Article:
Going through this year-end perspective exercise will make trimming the to-do list so much easier. Whatever I’m not relentless about goes away. Avocations become more vocational.

Simplicity and staying centered on what fascinates and enriches my life, these are what I’m carrying forward. Being intentional, with hopefully a little luck thrown in for measure.

One thing I really enjoyed over the year was my Quick Sunday Read newsletter where I included a Word of the Week, a word that was floating around in the zeitgeist, words that were examined and reframed into interesting uses. I used all of the year’s words in this post to honor that! They are underlined (unlinked). The only one I haven’t used yet is portmanteau, a word than means a mashup of two or more words that then creates another word. I was trying to think of one that would be great to end with, just for shiggles.

So, before I ring off to watch my favorite dramedy, I decided to chillax, ponder an emoticon or two (decided that was Jabberwocky) and just say, hope you had a great year filled with much goodness that you look forward to carrying into next year.

And, thank you so much for reading and sharing Thought Changer. It means the world.

       
 

Life is a Laboratory

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In a recent discussion with a group of seekers, we were talking about a new thought concept, a mindset shift. It was a challenge for some of us. I said it's an experiment, just try it on for size, see how it fits.

It got me thinking about how life is really made up of a series of experiments. When you think about it, life is a laboratory. 

A laboratory is the place where the scientist explores, experiments, gets messy, fails, tries again and then reorganizes and experiments again. 

Life is the open space, the playground, the highway, the laboratory when we experiment within our human experience. We're always experimenting, as our own life scientist, trying things on to see if they fit. 

Whether it's a new shampoo or sweater, or a different car make, or a different route to work, or a fresh perspective, or a different part of the world, or a new thought pattern that leads to a different action, or a new relationship or a new way of being in a current relationship, or a new career path, or a new word we haven't used before.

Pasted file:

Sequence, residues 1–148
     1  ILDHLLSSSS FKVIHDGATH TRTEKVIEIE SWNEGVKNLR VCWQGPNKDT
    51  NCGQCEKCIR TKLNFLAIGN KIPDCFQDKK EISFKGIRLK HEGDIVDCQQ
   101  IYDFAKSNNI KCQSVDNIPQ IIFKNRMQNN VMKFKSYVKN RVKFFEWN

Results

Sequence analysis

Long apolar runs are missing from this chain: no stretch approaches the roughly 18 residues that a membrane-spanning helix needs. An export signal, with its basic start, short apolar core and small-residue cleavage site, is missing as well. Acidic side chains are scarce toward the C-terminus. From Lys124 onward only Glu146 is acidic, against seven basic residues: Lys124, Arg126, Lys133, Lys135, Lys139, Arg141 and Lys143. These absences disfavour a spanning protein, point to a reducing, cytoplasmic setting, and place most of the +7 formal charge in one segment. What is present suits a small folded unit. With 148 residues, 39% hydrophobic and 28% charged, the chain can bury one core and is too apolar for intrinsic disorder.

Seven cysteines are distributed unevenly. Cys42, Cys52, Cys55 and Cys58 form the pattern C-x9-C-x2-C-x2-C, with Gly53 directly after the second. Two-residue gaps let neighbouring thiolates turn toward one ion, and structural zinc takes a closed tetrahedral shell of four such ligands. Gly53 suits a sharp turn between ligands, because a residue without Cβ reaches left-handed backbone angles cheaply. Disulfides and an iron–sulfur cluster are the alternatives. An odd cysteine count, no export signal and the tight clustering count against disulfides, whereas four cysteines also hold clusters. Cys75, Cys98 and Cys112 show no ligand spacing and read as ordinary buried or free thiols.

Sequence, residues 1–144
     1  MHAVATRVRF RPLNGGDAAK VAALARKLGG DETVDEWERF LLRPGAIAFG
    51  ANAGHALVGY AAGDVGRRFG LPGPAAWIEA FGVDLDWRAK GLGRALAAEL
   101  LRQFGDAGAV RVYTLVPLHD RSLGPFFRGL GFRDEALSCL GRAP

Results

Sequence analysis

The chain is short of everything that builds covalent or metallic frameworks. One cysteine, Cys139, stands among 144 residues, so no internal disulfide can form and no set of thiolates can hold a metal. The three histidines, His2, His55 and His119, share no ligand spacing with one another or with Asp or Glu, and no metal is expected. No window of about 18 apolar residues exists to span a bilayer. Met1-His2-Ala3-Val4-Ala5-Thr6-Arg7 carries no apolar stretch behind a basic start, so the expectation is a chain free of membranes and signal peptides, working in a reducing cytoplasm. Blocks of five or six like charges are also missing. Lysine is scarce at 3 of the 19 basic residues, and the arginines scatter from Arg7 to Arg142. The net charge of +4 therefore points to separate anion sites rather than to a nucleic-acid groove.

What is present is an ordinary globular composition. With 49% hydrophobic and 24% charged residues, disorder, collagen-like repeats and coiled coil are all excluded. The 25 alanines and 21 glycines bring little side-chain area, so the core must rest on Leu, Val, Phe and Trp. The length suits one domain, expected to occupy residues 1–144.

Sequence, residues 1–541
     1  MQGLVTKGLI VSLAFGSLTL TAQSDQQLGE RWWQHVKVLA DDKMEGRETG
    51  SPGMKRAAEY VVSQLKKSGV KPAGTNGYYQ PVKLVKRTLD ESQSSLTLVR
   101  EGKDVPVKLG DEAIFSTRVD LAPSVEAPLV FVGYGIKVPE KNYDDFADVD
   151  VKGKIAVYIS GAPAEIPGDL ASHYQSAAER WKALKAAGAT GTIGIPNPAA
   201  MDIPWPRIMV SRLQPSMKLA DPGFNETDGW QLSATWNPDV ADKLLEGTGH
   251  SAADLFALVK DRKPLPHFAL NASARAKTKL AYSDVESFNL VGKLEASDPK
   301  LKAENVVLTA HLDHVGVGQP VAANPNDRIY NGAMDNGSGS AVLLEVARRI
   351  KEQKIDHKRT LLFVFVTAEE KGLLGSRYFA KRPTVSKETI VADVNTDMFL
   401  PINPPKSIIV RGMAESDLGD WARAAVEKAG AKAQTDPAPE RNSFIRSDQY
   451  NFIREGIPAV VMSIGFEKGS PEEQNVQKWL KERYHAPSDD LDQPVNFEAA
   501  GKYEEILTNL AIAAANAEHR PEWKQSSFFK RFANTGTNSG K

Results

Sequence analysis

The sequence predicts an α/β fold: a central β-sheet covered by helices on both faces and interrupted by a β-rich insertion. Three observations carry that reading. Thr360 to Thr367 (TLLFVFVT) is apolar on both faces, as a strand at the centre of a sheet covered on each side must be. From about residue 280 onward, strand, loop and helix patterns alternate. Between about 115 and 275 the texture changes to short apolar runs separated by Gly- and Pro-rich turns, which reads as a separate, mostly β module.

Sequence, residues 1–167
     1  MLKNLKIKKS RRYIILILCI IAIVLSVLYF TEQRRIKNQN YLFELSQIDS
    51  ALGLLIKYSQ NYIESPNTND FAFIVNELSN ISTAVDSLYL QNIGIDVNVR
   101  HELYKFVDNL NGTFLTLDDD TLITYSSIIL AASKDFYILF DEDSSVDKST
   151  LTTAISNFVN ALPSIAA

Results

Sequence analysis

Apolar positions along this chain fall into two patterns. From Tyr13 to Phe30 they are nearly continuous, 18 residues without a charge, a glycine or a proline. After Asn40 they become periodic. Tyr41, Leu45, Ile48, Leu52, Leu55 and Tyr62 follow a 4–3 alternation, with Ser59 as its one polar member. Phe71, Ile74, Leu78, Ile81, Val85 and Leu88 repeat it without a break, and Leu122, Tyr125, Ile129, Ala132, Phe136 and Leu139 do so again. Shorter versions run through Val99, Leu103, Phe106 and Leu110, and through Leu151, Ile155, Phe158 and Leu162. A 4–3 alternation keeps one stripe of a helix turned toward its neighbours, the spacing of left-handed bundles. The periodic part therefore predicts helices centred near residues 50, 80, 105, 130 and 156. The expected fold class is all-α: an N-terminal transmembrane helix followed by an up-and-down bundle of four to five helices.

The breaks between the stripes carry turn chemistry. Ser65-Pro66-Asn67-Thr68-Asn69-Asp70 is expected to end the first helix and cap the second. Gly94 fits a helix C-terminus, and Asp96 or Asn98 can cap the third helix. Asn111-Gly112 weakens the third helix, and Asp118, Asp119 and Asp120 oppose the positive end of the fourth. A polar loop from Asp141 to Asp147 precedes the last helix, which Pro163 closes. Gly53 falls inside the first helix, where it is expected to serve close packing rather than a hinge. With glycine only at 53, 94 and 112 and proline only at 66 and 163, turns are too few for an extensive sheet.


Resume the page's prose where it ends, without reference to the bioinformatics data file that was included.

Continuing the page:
Try. Fail. Try again. Succeed.

One of the most important aspects of the laboratory is the notion that a failure is an integral part of the experiment. It's not, necessarily, a dead end. But rather, a failure provides answers and clues as to where to go next and where not to go next.

Have you found yourself quitting because you hit a wall, or got a no, or couldn't find the solution, or because success hasn't come? If the answer's yes, trust me you're not alone.

Thomas Edison said, "I have not failed. I've just found 10,000 ways that won't work." If he didn't believe in the laboratory which included failure, would he have discovered electricity? Probably not. He also said, "I've never done a day's work in my life. It was all fun." So there's that!

Or Einstein. He said, "Anyone who has never made a mistake has never tried anything new." If he wouldn't have allowed and embraced failure as fuel in his laboratory he would not have discovered the Theory of Relativity. He also said, "Failure is success in progress."

[Related: "6 Reasons Why Progress, Not Perfection"]

Or Henry Ford. Or Madame Curie. Or DaVinci. Or JK Rowling. Or Beethoven. Or Lady Gaga. Or Steve Jobs. Or Mother Teresa. Or Oprah Winfrey. Or Ruth Bader Ginsburg. Or Sally Ride, who said, "All adventures, especially into new territory are scary." The list goes on. And on. And on.

Embrace the Yet

Yet it such a lovely word! And, yet is an important tool to use in your life laboratory. The yet is encouragement. The yet is taking failure and reframing it into a phase, a phase that's part of progress. Yet is progress. "It hasn't happen, yet." 

Life is a laboratory.

So, experiment. Play. Explore. Fail. Embrace the yet... Experiment some more. Brainstorm. Change. Succeed.

Repeat. 

[Related: "The Trifecta of Failure"]

[Photo by rawpixel on Unsplash]

       
 

Becoming Undone

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One year older. In anticipation of my birthday, I got a facial chemical peel, doing what I can to trick the aging clock. Or at the very least make myself feel a bit better as I elevate into another year.

Day three, I looked a bit like the Walking Dead. Skin cracking with every smile and grimace. And, peeling. Ay caramba. Peeling. Peeling off the dead and used skin to make room for the new. I tried helping it along, but the last bits seemed to be gripping on for dear life. Finally shedding when they were good and ready. 

I took myself for a massage and afterward ran some errands where I got into a lengthy conversation with an adorable bud tender at a dispensary. I had a fleeting thought about the fact that I wasn’t wearing a stitch of makeup, something I would have never done not too long ago, not to mention the fact that I was still peeling like an orange.